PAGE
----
This practice was continued by the Rashidun caliphs who exchanged diplomats with the Ethiopians and the Byzantines.
This diplomatic exchange continued during the Arab–Byzantine wars.
In such cases, the servants of the "criminal" sovereign were often considered accomplices and their persons violated.
Many principles of diplomatic immunity are now considered to be customary law.
Diplomatic immunity as an institution developed to allow for the maintenance of government relations, including during periods of difficulties and armed conflict.
On the other hand, during World War II, diplomatic immunity was upheld and the embassies of the belligerents were evacuated through neutral countries.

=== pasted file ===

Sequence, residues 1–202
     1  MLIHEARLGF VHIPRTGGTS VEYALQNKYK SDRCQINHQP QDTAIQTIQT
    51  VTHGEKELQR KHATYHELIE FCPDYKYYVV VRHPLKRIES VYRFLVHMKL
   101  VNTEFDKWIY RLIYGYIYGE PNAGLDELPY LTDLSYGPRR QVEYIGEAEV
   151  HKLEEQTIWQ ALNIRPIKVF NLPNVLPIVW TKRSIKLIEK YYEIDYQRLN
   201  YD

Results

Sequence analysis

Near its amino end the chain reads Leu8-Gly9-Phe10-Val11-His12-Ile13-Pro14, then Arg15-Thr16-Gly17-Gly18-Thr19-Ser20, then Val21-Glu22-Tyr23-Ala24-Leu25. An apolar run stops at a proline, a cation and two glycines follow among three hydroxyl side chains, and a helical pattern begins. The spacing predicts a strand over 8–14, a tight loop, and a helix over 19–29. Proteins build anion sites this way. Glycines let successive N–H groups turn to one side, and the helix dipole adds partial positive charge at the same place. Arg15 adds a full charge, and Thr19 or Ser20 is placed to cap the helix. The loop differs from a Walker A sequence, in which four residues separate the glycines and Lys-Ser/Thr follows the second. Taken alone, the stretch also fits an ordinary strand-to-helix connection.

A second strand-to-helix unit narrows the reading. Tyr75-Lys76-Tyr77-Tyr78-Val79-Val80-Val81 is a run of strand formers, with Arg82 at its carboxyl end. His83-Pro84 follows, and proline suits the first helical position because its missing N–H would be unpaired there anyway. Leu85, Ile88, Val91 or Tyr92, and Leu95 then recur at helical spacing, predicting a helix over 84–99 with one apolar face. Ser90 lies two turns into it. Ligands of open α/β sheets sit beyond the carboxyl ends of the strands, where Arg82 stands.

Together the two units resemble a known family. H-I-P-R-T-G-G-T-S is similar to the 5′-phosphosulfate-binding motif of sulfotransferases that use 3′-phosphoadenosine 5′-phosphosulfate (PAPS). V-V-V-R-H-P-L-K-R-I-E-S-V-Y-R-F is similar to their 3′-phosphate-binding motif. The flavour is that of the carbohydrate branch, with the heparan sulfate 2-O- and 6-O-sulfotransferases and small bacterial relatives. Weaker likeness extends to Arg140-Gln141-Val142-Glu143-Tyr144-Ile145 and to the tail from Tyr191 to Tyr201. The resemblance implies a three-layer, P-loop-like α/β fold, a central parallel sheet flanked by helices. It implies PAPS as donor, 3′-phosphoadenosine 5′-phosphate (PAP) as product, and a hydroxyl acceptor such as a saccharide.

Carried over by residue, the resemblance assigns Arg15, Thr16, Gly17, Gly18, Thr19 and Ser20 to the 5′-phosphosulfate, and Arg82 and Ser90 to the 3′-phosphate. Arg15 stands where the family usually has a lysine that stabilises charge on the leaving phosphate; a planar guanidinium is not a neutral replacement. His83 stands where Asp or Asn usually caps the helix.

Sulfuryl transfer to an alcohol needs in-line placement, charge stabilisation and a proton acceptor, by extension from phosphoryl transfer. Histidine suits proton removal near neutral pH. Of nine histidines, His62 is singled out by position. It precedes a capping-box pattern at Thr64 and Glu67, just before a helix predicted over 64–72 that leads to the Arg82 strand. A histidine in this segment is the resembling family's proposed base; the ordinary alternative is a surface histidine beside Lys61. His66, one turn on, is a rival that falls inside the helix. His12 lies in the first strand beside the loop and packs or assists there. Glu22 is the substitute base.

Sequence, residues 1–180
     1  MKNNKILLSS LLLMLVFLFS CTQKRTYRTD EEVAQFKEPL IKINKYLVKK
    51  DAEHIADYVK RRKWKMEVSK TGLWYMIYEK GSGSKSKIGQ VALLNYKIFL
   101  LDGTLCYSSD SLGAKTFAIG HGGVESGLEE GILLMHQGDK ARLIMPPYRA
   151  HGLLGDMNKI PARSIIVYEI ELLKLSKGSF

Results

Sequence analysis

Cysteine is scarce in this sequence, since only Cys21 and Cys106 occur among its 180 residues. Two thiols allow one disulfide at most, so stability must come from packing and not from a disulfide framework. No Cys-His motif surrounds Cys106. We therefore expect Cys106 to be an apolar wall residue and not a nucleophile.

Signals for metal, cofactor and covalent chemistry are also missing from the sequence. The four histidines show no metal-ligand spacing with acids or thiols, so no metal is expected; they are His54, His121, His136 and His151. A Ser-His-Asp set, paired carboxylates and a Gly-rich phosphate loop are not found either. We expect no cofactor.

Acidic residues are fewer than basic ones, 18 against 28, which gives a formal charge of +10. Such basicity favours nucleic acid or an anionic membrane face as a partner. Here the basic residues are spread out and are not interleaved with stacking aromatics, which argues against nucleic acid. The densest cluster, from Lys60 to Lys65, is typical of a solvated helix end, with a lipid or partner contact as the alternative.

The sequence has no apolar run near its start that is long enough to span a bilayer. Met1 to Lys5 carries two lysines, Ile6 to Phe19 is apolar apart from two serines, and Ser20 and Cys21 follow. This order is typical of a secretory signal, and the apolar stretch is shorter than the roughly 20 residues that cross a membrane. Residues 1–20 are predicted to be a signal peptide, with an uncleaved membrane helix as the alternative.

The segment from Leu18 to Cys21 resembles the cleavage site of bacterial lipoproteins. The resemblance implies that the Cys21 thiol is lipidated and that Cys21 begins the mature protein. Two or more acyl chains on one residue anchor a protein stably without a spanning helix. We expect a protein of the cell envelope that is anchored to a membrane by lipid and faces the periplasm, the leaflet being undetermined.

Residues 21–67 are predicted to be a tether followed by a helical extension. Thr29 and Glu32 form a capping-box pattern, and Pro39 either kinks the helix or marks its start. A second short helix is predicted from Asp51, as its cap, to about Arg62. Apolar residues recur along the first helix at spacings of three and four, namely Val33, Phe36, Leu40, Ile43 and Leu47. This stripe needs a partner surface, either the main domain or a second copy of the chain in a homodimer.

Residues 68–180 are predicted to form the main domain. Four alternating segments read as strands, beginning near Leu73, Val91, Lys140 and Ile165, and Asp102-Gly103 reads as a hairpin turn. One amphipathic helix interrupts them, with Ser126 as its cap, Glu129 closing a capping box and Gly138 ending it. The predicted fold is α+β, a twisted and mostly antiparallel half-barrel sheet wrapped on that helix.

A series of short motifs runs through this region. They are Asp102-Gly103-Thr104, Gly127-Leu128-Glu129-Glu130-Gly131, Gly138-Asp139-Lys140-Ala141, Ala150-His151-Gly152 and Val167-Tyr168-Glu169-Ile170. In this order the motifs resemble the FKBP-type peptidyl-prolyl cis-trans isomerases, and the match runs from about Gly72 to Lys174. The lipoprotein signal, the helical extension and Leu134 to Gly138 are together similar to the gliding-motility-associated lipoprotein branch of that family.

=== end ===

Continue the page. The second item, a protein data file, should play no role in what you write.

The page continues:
For the upper class of the 17th, 18th, and 19th centuries, diplomatic immunity was an easy concept to understand.
When receiving diplomats, who formally represent the sovereign, the receiving head of state grants certain privileges and immunities to ensure they may effectively carry out their duties, on the understanding that these are provided on a reciprocal basis.